Ta-vwots', the little rabbit, was wont to lie with his back to the sun when he slept. One day he thus slept in camp while his children played around him. After a time they saw that his back was smoking, and they cried out "What is the matter with your back, father?" Startled from his sleep, he demanded to know the cause of the uproar. "Your back is covered with sores and full of holes," they replied. Then Ta-vwots' was very angry, for he knew that Ta'-vi, the sun, had burned him; and he sat down by the fire for a long time in solemn mood, pondering on the injury and insult he had received. At last rising to his feet, he said, "My children I must go and make war upon Ta'-vi." And straightway he departed.

Now his camp was in the valley of the Mo-a-pa.[1] On his journey he came to a hill, and standing on its summit he saw in a valley to the east a beautiful stretch of verdure, and he greatly marveled at the sight and desired to know what it was. On going down to the valley he found a corn-field, something he had never before seen, and the ears were ready for roasting. When he examined them, he saw that they were covered with beautiful hair, and he was much astonished. Then he opened the husk and found within soft white grains of corn, which he tasted. Then he knew that it was corn and good to eat. Plucking his arms full he carried them away, roasted them on a fire, and ate until he was filled.

Now, when he had done all this, he reflected that he had been stealing, and he was afraid; so he dug a hole in which to hide himself.

Cin-au'-aev was the owner of this field, and when he walked through and saw that his corn had been stolen, he was exceedingly wroth, and said, "I will slay this thief Ta-vwots'; I will kill him, I will kill him." And straightway he called his warriors to him and made search for the thief, but could not find him, for he was hid in the ground. After a long time they discovered the hole and tried to shoot Ta-vwots' as he was standing in the entrance, but he blew their arrows back. This made Cin-au'-aev's people very angry and they shot many arrows, but Ta-vwots'' breath as a warder, against them all. Then, with one accord, they ran to snatch him up with their hands, but, all in confusion, they only caught each others fists, for with agile steps Ta-vwots' dodged into his retreat. Then they began to dig, and said they would drag him out. And they labored with great energy, all the time taunting him with shouts and jeers. But Ta-vwots' had a secret passage from the main chamber of his retreat which opened by a hole above the rock overhanging the entrance where they were at work.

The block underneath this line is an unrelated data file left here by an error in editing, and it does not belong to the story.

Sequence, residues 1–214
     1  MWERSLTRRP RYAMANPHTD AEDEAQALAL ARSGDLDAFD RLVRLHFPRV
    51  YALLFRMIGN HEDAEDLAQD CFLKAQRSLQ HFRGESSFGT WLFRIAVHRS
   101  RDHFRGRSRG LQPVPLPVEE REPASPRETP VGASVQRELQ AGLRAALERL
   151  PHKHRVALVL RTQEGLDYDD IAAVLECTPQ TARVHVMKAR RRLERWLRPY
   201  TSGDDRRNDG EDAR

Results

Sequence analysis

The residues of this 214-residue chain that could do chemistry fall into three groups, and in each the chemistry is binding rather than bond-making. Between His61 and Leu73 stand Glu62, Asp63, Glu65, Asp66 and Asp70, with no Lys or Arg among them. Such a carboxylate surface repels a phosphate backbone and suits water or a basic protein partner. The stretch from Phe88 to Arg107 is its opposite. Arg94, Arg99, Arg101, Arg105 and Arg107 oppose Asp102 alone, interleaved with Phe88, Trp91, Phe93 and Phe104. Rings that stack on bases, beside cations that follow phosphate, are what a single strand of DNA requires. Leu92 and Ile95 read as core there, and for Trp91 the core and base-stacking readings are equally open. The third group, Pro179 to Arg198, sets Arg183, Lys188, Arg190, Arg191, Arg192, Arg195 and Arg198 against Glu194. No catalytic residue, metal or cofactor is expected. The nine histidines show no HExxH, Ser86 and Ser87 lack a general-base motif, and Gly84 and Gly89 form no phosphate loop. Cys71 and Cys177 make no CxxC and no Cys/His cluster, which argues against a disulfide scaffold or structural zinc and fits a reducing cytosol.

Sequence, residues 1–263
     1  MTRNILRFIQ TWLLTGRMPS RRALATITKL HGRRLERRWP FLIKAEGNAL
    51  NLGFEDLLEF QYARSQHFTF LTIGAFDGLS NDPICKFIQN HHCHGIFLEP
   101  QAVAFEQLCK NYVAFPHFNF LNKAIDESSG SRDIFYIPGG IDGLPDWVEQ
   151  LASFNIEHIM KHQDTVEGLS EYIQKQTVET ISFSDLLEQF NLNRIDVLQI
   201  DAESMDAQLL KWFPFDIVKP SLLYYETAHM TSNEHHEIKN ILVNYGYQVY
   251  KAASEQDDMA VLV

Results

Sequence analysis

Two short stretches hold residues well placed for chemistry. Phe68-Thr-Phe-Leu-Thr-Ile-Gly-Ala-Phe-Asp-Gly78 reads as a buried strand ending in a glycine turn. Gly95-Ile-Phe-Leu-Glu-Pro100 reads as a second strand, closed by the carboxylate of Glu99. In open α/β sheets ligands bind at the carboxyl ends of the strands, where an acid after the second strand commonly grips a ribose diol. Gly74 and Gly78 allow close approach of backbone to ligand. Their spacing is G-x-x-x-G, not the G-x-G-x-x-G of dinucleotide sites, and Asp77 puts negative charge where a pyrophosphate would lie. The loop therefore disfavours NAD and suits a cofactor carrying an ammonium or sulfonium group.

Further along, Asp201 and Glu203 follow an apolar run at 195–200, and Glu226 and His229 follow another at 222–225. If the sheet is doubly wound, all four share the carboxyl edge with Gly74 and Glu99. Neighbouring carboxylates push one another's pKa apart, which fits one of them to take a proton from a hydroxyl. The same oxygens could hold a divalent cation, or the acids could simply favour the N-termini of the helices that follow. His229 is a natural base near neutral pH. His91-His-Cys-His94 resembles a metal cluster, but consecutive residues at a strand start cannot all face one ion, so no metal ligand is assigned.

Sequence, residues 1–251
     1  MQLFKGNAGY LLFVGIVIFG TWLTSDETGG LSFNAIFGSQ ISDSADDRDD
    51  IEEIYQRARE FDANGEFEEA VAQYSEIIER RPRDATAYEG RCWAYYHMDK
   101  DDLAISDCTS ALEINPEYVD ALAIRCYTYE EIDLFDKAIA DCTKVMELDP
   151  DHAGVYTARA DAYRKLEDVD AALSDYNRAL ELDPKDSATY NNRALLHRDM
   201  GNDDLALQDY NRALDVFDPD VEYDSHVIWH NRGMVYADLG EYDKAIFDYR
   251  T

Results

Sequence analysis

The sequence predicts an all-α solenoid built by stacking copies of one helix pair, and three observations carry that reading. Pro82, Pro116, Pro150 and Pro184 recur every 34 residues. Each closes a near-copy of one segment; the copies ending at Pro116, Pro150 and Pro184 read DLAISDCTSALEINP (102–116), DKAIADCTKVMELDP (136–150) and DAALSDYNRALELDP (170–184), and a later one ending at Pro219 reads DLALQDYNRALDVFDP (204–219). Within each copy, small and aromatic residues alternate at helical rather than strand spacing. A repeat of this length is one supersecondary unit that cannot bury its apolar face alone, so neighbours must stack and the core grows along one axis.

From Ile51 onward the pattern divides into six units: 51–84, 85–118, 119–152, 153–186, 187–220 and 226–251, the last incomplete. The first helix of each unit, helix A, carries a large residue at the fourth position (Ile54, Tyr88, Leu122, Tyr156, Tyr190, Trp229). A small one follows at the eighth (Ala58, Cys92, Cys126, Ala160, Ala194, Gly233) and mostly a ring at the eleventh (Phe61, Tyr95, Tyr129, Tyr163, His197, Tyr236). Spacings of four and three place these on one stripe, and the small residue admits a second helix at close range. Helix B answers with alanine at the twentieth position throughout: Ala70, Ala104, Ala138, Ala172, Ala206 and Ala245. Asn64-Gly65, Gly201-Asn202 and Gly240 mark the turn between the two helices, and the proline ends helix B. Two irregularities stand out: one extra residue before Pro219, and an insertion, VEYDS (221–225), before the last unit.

[1] A stream in Southeastern Nevada.

When they had proceeded with this digging until they were quite under ground, Ta-vwots', standing on the rock above, hurled the magical ball which he was accustomed to carry with him, and striking the ground above the diggers, it caved the earth in, and they were all buried. "Aha," said he, "why do you wish to hinder me on my way to kill the Sun? A'-nier ti-tik'-a-nump kwaik-ai'-gar" (fighting is my eating tool I say; that's so!), and he proceeded on his way musing. "I have started out to kill; vengeance is my work; every one I meet will be an enemy. It is well; no one shall escape my wrath."

The next day he saw two men making arrow-heads of hot rocks, and drawing near he observed their work for a time from a position where he could not be seen. Then stepping forth, he said: "Let me help you"; and when the rocks were on the fire again and were hot to redness he said: "Hot rocks will not burn me." And they laughed at him. "May be you would have us believe that you are a ghost?" "I am not a ghost," said he, "but I am a better man than you are. Hold me on these hot rocks, and if I do not burn you must let me do the same to you." To this they readily agreed, and when they had tried to burn him on the rocks, with his magic breath he kept them away at a distance so slight they could not see but that the rocks did really touch him. When they perceived that he was not burned they were greatly amazed and trembled with fear. But having made the promise that he should treat them in like manner, they submitted themselves to the torture, and the hot rocks burned them until with great cries they struggled to get free but unrelenting Ta-vwots' held them until the rocks had burned through their flesh into their entrails, and so they died. "Aha," said Ta-vwots', "lie there until you can get up again. I am on my way to kill the Sun. A'-nier ti-tik'-a-nump kwaik-ai'-gar." And sounding the war-whoop he proceeded on his way.